Diligence is the mother of good luck.
-- Benjamin Franklin
It's so easy to be superstitious, especially around Halloween. Break a mirror, have a cat (especially a black one) cross your path, spill salt... all of these can -- if we let them -- make us believe that we're embarking on seven years (give or take) of bad luck. Thinking you are unlucky, in fact, can actually contribute to feelings of defeat and resignation that even carrying a rabbit's foot cannot fix.
The truth is, though, we can make our own good luck, and it's a lot easier and less messy than throwing salt over our left (or is it right?) shoulder.
British psychologist Richard Wiseman has studied hundreds of people who describe themselves as lucky or unlucky, wanting to better understand how people can control their destinies and their luck. His many years of research shows that some people are, indeed, "luckier." It's not because they've had fewer black cats cross their paths, but they've worked on the skills that are essential to good luck... and therefore success in life.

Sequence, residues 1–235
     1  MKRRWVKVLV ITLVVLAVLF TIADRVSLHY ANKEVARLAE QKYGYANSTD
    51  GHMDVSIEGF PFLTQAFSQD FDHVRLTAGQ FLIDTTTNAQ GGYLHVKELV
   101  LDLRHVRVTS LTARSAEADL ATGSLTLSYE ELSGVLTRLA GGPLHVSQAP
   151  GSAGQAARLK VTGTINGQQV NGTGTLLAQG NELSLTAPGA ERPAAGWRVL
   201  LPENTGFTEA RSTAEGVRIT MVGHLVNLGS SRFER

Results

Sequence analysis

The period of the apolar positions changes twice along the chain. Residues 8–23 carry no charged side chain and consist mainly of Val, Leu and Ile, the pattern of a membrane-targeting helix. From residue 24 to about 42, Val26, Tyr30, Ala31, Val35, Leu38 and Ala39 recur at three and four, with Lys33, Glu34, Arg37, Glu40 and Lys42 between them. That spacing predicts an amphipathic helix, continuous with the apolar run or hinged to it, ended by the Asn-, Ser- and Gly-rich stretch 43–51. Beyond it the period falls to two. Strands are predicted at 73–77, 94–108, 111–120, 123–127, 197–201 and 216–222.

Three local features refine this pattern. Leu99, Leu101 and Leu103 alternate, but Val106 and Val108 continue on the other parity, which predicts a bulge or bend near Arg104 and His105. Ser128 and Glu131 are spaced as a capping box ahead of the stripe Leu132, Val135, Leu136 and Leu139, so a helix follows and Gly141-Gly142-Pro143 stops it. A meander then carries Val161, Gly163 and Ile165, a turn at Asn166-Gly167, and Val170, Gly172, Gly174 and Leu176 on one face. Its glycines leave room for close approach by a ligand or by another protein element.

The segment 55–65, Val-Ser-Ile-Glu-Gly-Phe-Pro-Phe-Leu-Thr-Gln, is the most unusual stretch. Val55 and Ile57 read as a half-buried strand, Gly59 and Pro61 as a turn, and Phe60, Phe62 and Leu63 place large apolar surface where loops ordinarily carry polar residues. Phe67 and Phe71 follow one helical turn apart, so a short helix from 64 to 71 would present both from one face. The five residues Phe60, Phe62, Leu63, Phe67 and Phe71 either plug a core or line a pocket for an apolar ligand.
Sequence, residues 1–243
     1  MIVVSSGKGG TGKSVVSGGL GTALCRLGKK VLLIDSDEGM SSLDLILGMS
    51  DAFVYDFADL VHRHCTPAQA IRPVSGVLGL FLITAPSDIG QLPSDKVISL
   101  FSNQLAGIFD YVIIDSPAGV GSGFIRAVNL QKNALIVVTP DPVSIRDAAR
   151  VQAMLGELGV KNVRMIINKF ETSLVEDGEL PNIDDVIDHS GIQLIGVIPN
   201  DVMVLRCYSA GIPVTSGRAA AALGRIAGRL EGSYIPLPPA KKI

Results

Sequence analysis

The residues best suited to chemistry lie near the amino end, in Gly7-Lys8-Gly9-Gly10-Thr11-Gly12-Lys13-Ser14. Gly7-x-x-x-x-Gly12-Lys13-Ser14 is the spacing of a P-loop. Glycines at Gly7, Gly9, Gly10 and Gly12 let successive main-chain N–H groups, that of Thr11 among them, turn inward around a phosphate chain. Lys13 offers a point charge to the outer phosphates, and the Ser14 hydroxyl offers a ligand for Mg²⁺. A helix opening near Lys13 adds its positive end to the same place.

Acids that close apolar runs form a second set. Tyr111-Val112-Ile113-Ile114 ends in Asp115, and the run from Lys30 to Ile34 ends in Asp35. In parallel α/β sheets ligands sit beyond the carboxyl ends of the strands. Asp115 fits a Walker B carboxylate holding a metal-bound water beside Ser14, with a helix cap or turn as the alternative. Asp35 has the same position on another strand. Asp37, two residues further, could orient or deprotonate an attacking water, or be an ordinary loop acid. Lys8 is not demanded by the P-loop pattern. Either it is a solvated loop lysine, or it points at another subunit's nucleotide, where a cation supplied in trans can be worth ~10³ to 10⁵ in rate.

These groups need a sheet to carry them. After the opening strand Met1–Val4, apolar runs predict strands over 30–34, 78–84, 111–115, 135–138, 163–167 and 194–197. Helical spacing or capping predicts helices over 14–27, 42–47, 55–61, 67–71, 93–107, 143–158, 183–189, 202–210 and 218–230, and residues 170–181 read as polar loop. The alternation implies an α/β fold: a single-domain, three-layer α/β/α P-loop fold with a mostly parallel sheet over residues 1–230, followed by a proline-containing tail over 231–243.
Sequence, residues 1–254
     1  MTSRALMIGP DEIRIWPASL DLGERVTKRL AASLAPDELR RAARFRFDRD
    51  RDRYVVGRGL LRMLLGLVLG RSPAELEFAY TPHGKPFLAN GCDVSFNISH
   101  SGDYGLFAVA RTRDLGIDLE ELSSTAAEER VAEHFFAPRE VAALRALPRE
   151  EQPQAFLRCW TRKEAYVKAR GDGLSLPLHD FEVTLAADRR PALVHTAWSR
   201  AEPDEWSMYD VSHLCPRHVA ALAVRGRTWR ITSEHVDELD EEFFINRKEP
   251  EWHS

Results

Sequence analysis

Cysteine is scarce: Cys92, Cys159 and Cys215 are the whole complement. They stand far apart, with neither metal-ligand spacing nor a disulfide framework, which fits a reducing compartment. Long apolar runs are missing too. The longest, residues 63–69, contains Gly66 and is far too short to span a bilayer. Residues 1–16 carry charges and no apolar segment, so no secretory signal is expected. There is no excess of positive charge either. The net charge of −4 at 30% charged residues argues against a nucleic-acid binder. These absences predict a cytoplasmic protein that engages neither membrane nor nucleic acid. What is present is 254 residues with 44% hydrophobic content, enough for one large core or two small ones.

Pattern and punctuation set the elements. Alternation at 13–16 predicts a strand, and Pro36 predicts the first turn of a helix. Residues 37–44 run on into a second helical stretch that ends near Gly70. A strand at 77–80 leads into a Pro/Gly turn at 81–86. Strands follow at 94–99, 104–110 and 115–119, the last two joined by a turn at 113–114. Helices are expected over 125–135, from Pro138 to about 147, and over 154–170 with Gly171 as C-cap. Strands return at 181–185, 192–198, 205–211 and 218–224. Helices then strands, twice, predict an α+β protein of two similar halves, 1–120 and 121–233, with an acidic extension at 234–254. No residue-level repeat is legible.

I was first introduced to Dr. Wiseman's research when I interviewed Wall Street Journal columnist Jason Zweig for The Best of Everything After 50. Jason is a firm believer in creating your own luck, and tells this story in his best-selling book, "Your Money and Your Brain":
By breaking your routine and embracing new experiences, you can unleash your curiosity and open yourself to new ideas. The more often you can throw yourself in serendipity's path, the better the odds that you will get a lucky break in your investing or business life. Try a new place for lunch once a week. Go out for coffee with a person from another department. Strike up a conversation with a stranger. If you usually take a bus to work, walk part of the way.
Case in point: In 1998, out of idle curiosity, I bought a copy of Scientific American in an airport bookstore and read an article on neuroscience, purely because it opened with a pretty picture. To my amazement, I learned that people whose brains have been snipped in half calculate probabilities in a radically different way from the rest of us. That ultimately led to insights about investing I could never have found in my usual sources. If I had not ventured beyond my usual reading list that day, this book would never have come into being.